Donald Clarence Judd (June 3, 1928 - February 12, 1994) was a minimalist artist (a term he stridently disavowed) whose work sought autonomy and clarity for the constructed object and the space created by it, ultimately achieving a rigorously democratic presentation without compositional hierarchy. It created an outpouring of seemingly effervescent structure without the rigor associated with minimalism proper.
Judd was born in Excelsior Springs, Missouri. He served in the Army from 1946-1947 as an engineer and then began his studies in philosophy 1948 at the College of William and Mary, later transferring to Columbia University School of General Studies. At Columbia, he earned a degree in philosophy and worked towards a master's in art history under Rudolf Wittkower and Meyer Shapiro. While at Columbia he attended night classes at the Arts Students League in New York City. He supported himself by writing art criticism for major American art magazines; his writing, like his art, was direct, forceful, controversial and influential.
His first solo exhibition, of expressionist paintings, opened in New York in 1957. His artistic style soon moved away from illusory media and embraced constructions in which materiality was central to the work. Humble materials such as metals, industrial plywood, concrete and color-impregnated Plexiglas became staples of his career. Most of his output was in freestanding "specific objects" (the name of his seminal essay of 1964), that used simple, often repeated forms to explore space and the use of space. In this essay, Judd found a starting point for a new territory for American art, and a simultaneous rejection of residual inherited European artistic values. He pointed to evidence of this development in the works of an array of artists active in New York at the time, including Jasper Johns, Dan Flavin and Lee Bontecou. Of "preliminary" importance for Judd was the work of George Ortman, who had concretized and distilled painting's forms into blunt, tough, philosophically charged geometries. These Specific Objects inhabited a space not then comfortably classifiable as either painting or sculpture. That the categorical identity of such objects was itself in question, and that they avoided easy association with well-worn and over-familiar conventions, was a part of their value for Judd. In 1968 the Whitney Museum of American Art staged a retrospective of his work which included none of his early paintings.
In 1968 Judd bought a five-story building in New York that allowed him to start placing his work in a more permanent manner than was possible in gallery or museum shows. This would later lead him to push for permanent installations for his work and that of others, as he believed that temporary exhibitions, being designed by curators for the public, placed the art itself in the background, ultimately degrading it due to incompetency or incomprehension. This would become a major preoccupation as the idea of permanent installation grew in importance and his distaste for the art world grew in equal proportion.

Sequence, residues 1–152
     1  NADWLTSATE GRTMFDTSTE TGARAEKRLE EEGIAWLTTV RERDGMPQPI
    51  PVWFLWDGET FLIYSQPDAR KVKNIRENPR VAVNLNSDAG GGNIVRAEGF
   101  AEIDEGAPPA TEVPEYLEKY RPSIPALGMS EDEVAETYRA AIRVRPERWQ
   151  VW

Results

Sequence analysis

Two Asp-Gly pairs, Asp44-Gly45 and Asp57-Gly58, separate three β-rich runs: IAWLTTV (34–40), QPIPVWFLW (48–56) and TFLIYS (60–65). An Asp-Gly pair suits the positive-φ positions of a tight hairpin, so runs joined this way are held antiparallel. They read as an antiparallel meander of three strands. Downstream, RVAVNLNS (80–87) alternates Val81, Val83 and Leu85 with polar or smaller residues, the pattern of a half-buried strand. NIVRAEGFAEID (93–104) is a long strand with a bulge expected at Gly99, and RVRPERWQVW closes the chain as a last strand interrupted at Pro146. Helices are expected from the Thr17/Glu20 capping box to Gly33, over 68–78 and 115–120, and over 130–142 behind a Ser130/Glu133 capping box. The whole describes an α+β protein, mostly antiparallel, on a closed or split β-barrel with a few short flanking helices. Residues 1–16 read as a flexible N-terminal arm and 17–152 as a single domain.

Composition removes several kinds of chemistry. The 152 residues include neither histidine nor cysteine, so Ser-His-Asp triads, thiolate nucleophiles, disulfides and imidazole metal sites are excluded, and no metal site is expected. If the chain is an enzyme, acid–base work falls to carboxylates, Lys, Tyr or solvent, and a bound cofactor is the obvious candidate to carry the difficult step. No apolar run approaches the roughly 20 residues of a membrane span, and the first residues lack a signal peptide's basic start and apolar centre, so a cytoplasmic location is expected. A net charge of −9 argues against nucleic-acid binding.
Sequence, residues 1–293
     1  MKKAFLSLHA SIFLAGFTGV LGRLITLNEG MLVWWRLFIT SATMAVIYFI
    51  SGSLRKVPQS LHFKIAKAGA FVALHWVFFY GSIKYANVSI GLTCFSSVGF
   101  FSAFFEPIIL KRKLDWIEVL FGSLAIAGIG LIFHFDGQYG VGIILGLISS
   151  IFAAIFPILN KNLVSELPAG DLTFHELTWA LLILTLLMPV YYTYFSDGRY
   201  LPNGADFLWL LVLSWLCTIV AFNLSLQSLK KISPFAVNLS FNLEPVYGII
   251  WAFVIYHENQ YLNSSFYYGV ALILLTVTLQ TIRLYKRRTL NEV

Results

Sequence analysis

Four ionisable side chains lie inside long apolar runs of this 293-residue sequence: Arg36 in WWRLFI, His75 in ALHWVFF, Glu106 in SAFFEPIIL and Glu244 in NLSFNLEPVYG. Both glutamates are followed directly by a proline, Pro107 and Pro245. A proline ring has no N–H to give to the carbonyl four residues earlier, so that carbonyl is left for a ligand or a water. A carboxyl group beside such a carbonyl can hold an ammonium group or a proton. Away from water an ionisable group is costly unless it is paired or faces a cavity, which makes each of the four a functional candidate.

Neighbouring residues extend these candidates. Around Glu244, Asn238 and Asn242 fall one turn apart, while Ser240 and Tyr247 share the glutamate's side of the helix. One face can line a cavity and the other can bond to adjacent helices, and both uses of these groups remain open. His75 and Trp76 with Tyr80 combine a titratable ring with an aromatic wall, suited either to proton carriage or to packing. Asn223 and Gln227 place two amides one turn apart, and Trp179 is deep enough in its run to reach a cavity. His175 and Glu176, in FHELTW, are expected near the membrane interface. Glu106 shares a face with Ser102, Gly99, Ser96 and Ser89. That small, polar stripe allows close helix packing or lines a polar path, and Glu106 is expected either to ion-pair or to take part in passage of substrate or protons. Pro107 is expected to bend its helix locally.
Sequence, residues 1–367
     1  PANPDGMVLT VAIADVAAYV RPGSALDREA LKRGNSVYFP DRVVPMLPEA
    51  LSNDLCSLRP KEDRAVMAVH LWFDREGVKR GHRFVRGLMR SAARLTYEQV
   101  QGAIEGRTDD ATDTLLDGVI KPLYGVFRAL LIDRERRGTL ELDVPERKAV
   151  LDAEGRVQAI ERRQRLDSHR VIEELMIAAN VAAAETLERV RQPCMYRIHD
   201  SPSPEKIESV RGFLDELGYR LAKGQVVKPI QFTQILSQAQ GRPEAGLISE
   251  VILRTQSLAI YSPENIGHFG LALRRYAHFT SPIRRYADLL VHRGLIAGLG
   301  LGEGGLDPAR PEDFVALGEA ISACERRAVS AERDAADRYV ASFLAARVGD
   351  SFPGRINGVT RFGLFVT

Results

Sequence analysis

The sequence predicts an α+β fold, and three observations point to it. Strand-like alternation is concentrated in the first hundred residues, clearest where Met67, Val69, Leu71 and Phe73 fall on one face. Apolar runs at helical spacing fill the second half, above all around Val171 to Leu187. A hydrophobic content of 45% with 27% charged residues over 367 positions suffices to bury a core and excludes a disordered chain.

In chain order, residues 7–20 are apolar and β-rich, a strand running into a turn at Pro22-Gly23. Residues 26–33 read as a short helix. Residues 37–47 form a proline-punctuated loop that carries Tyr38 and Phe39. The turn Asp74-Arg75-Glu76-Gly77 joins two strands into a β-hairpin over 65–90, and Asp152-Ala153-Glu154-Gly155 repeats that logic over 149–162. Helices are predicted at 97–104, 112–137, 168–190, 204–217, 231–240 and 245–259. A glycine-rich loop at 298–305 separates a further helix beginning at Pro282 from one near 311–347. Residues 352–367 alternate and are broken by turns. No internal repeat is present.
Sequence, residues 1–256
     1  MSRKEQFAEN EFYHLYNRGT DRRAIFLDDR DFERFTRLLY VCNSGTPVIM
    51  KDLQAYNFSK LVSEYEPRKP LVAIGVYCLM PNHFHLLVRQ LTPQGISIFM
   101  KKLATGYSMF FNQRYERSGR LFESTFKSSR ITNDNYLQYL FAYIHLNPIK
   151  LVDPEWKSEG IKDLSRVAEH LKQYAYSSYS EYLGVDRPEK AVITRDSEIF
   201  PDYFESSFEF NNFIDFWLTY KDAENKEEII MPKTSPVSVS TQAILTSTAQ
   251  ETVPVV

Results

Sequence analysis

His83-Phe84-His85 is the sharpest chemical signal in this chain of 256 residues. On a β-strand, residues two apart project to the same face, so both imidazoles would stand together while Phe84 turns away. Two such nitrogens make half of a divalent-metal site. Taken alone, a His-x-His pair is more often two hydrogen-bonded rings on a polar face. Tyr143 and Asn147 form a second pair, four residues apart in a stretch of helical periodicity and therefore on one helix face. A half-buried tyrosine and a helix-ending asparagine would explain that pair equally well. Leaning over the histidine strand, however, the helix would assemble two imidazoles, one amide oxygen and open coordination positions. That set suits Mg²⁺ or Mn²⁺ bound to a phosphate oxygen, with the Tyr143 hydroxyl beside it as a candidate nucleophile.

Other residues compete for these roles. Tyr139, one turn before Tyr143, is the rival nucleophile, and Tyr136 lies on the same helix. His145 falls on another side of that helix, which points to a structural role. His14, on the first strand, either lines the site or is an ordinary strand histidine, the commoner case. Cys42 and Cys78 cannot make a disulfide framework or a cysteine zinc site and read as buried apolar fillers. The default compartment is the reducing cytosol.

Throughout the 1970s and 1980s he produced radical work that eschewed the classical European ideals of representational sculpture. Judd believed that art should not represent anything, that it should unequivocally stand on its own and simply exist. During the seventies he started making room sized installations that made the spaces themselves his playground and the viewing of his art a visceral, physical experience. His aesthetic followed his own strict rules against illusion and falsity, producing work that was clear, strong and definite. As he grew older he also worked with furniture, design, and architecture.
In the early seventies Judd started making annual trips to Baja California with his family. He was very affected by the clean, empty desert and this strong attachment to the land would remain with him for the rest of his life. In 1971 he rented a house in Marfa, Texas as an antidote to the hectic New York art world. From this humble house he would later buy numerous buildings and a 60,000 acre (243 km²) ranch, almost all carefully restored to his exacting standards. These properties and his building in New York are now maintained by the Judd Foundation.
In 1976 he served as Baldwin Professor at Oberlin College in Ohio. Beginning in 1983, he lectured at universities across the United States, Europe and Asia on both art and its relationship to architecture.
In 1979, with help from the Dia Art Foundation, Judd purchased a 340 acre (1.4 km²) tract of desert land near Marfa, Texas which included the abandoned buildings of the former U.S. Army Fort D. A. Russell. The Chinati Foundation opened on the site in 1986 as a non-profit art foundation, dedicated to Judd and his contemporaries. The permanent collection consists of large-scale works by Judd, sculptor John Chamberlain, light-artist Dan Flavin and select others, including David Rabinowitch, Roni Horn, Ilya Kabakov, Richard Long, Carl Andre and Claes Oldenburg and Coosje Van Bruggen. Judd's work in Marfa includes 15 outdoor works in concrete and 100 aluminum pieces housed in two painstakingly renovated artillery sheds.
Judd fathered two children, Flavin Starbuck and Rainer Yingling. He died in Manhattan of lymphoma in 1994.
In 2006, the Judd Foundation decided to auction off about 35 of his sculptures at Christie's in New York. The announced purpose of the sale was to build an endowment to support the permanent installation of Judd's works in Texas and New York. The $25 million in proceeds from the sale will enable the Foundation to fulfill its mission: in his will, Mr. Judd stated, such "works of art which I own at the time of my death as are installed at 101 Spring Street in New York City, or in Marfa, Tex., will be preserved where they are installed."
Biographical information from Wikipedia
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